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Ordered by the House of Commons to be printed 14th July 2004 - page 164 / 216

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the same level of inter-departmental synthesis, considerable developments have taken place. Staff of the UK intelligence and security agencies are today in much wider contact with their opposite numbers throughout the world. We note these initiatives, but remain concerned that the procedures of the international community are still not sufficiently aligned to match the threat. (Paragraph 136)

CHAPTER 4 – COUNTER-PROLIFERATION MACHINERY

6.

Intelligence performs an important role in many aspects of the Government’s counter- proliferation work. It helps to identify proliferating countries, organisations and individuals through JIC assessments, DIS proliferation studies and operational intelligence. It can help to interdict or disrupt the activities of proliferators either nationally or in co-operation with other countries. It can support diplomatic activity by revealing states’ attitudes to counter-proliferation or by informing the assessments of international partners. It can also support inspection, monitoring and verification regimes and on occasions military action. Intelligence can play an important part in enforcing export controls, particularly in relation to ‘dual-use’ goods and technologies. (Paragraphs 149/150)

CHAPTER 5 – IRAQ

THE POLICY CONTEXT

7.

The developing policy context of the previous four years [see paragraphs 210–217] and especially the impact of the events of 11 September 2001, formed the backdrop for changes in policy towards Iraq in early 2002. The Government’s conclusion in the spring of 2002 that stronger action (although not necessarily military action) needed to be taken to enforce Iraqi disarmament was not based on any new development in the current intelligence picture on Iraq. (Paragraph 427)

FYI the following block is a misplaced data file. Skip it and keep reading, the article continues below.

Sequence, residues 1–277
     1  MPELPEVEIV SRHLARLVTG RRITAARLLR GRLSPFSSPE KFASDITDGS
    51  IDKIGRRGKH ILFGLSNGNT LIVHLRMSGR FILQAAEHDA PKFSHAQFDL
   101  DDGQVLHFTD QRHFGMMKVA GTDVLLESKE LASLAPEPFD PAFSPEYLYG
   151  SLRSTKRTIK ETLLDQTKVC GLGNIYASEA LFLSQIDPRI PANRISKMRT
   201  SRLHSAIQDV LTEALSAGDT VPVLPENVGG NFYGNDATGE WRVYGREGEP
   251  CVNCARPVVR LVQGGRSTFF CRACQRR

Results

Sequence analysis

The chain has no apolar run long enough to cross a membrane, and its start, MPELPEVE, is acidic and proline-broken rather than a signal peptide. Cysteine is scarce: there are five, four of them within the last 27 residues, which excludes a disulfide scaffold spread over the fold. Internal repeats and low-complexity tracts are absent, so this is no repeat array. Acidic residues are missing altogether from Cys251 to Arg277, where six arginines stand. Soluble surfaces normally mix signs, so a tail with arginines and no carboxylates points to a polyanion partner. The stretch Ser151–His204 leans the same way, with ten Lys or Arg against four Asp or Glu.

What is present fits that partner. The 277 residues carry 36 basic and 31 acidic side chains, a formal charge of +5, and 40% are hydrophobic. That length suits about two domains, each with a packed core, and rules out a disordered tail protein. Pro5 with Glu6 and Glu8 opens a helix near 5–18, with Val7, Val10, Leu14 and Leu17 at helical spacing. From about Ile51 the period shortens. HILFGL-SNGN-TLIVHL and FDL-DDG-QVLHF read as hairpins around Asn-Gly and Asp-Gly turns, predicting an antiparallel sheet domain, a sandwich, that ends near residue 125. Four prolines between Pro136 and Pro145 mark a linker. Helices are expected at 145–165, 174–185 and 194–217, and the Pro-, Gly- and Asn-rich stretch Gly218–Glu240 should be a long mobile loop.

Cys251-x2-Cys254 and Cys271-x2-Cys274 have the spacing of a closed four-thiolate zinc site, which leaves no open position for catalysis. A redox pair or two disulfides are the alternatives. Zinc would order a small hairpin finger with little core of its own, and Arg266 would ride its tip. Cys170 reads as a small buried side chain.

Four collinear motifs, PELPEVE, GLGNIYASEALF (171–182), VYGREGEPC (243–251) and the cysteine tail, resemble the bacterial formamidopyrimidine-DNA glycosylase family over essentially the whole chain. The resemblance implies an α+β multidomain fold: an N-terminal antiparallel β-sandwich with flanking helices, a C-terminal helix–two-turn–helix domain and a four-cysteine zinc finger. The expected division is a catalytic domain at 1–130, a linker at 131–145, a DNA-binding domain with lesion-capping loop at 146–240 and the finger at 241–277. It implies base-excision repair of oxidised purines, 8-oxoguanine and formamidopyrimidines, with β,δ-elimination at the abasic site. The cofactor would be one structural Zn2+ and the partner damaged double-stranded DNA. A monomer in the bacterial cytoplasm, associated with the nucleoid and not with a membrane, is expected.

8.

When the Government concluded that action going beyond the previous policy of containment needed to be taken, there were many grounds for concern arising from Iraq’s past record and behaviour. There was a clear view that, to be successful, any new action to enforce Iraqi compliance with its disarmament obligations would need to be backed with the credible threat of force. But there was no recent intelligence that would itself have given rise to a conclusion that Iraq was of more immediate concern than the activities of some other countries. (Paragraph 427)

9.

The Government, as well as being influenced by the concerns of the US Government, saw a need for immediate action on Iraq because of the wider historical and international context, especially Iraq’s perceived continuing challenge to the authority of the United Nations. The Government also saw in the United Nations and a decade of Security Council Resolutions a basis for action through the United Nations to enforce Iraqi compliance with its disarmament obligations. (Paragraph 428)

10.

The Government considered in March 2002 two options for achieving the goal of Iraqi disarmament - a toughening of the existing containment policy; and regime change by military means. Ministers were advised that, if regime change was the chosen policy, only

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